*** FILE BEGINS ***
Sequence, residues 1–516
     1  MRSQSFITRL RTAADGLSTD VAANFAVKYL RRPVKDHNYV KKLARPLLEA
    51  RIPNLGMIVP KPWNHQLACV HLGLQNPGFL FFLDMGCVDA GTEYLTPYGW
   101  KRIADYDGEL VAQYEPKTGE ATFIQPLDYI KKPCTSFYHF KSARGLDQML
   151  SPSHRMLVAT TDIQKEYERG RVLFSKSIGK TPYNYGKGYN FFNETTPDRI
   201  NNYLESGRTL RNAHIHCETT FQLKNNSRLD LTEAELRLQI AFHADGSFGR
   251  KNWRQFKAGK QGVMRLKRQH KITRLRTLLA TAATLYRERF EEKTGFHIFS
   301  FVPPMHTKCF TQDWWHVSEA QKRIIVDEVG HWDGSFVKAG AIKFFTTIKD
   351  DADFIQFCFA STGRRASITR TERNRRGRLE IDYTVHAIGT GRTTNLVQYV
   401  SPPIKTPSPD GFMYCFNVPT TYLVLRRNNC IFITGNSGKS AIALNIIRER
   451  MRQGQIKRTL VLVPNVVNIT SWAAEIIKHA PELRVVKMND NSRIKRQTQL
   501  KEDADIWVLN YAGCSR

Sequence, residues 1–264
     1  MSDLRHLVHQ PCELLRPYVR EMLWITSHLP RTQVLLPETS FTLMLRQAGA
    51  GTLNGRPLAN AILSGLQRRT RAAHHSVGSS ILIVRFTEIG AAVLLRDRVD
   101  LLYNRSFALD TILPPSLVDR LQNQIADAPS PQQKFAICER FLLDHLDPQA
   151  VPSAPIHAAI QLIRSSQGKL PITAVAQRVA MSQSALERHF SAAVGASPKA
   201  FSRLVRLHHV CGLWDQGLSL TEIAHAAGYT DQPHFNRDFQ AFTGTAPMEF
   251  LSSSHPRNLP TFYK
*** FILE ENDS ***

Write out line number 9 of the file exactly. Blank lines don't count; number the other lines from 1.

   351  DADFIQFCFA STGRRASITR TERNRRGRLE IDYTVHAIGT GRTTNLVQYV